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The bullpen was a constant source of frustration last year. Chad Qualls was unwatchable and Antonio Bastardo looked nothing like the dynamic pitcher that missed so many bats in 2011. Papelbon pitched well in save situations, but couldn't seem to get anybody out in tied games. The bullpen’s 3.94 ERA was 21st in the majors.
So why the optimism? The bullpen was spectacular at the end of last year and I think the Phillies have a perfect recipe for bullpen success this year.
The start of the season was far from pretty, with the bullpen tossing up a 5.23 ERA in May, a 4.32 ERA in June and 4.42 ERA in July. However, the Phils added Jake Diekman, Phillippe Aumont and Jeremy Horst to the big club midseason and things started to turn around quickly. The bullpen ERA in August dropped to 3.79. Phillies relievers were untouchable in September and October, posting a 2.34 ERA in 84 innings.
The bullpen arms that had so much success at the end of the year are, for the most part, the arms we will see heading into 2013. Papelbon is steady—you know exactly what you’re getting. Aumont and Horst showed excellent potential last year, and I expect them to continue to develop this year. Jake Diekman showed plenty of promise in his 27 innings of work. Perhaps most importantly, Ruben Amaro solidified the setup role by signing Mike Adams to a two year deal.
All of a sudden, the Phillies have an excess of quality arms in the bullpen.
With the back end of the 'pen shored up, I wouldn't be surprised to see Antonio Bastardo’s name show up in trade rumors. The Phillies already unloaded Josh Lindblom in the deal that brought in Michael Young and the excess talent still remaining could help the Phillies bring in a corner outfielder through a trade (Curtis Granderson anyone?). With a group of young, dynamic arms and a top notch back end, I expect nothing less than greatness from the Phillies' bullpen this year.
2013 Season Prediction: Phillies Will Compete, but Fall Short of Wild Card
The Phillies will rely on these two guys for much of their success in 2013.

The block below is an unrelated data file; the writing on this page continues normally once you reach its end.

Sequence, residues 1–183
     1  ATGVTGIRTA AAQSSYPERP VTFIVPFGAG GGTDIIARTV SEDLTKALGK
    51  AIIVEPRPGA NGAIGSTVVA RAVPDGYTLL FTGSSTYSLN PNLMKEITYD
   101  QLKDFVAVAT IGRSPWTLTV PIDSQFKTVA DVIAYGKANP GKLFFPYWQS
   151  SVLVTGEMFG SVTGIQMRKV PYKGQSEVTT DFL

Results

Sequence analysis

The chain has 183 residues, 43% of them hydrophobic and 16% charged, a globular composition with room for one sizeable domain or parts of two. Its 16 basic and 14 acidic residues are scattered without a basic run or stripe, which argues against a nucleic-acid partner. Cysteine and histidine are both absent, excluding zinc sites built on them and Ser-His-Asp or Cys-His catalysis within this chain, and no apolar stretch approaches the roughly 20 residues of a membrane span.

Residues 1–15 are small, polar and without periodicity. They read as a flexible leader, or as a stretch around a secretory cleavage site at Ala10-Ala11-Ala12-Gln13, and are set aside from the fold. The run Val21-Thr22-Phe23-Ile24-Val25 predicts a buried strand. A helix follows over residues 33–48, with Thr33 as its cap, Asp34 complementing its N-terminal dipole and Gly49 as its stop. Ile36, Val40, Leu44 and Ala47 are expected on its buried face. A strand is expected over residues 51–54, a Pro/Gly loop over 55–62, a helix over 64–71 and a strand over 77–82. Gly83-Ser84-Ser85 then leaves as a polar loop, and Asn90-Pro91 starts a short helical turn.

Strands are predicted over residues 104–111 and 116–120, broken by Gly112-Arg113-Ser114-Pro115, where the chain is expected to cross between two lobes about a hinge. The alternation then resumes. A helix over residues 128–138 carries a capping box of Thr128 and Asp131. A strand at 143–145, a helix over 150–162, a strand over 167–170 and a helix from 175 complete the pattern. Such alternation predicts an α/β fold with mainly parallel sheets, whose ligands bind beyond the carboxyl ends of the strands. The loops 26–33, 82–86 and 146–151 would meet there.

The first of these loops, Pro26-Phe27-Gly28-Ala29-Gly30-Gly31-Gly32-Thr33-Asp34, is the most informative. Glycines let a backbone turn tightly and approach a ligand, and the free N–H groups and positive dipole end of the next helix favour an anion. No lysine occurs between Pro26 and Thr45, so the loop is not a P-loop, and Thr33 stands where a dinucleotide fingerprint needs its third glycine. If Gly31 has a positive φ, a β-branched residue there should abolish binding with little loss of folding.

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Cautiously optimistic would be the best way to describe my attitude for the 2013 season. As of now, the lineup is healthy, and several holes have been filled. The signing of John Lannan filled out the rotation, which should again be among the best in the NL. The bullpen is set and is poised for a strong rebound after a weak 2012 season. Ryan Howard and Chase Utley are, as far as we know, 100% healthy and ready to go for Opening Day. The team has some great bounce back candidates (Michael Young, Roy Halladay, Ryan Howard, to name a few), as well as some young players poised to break out (Darin Ruf, Ben Revere, Phillippe Aumont, etc).
After an abysmal first half in 2012, the Phillies turned it around after the All Star Break, winning 44 games and falling just short of a postseason berth. Assuming the Phillies Opening Day lineup is set with the current players, I believe the team again has a chance to fight for a wild card spot.
So why the lack of enthusiasm?
The Phillies were carried through August and September by surprise breakout players like Kyle Kendrick, Erik Kratz and Kevin Frandsen. They are fine players and great pieces to fit into a 25-man roster, but they are not players that a team can ride throughout the season into October.
For the Phillies to win consistently they will need Howard, Utley, Hamels, Lee, and Halladay to perform at the top of their game all year. That’s the core of the team and of those five players, I’m really only confident about Hamels and Lee entering the season. Howard is trending downward as strongly as anyone in baseball and age is becoming a concern for Halladay and Utley.
So, as always, I can hardly wait for Phillies baseball. But for the first time since 2006, I’m going to have to temper my expectations.
My prediction: Phillies will keep it interesting all year, but will finish 86-76, 2 games out of the second wild card spot. Here’s to hoping I’m wrong.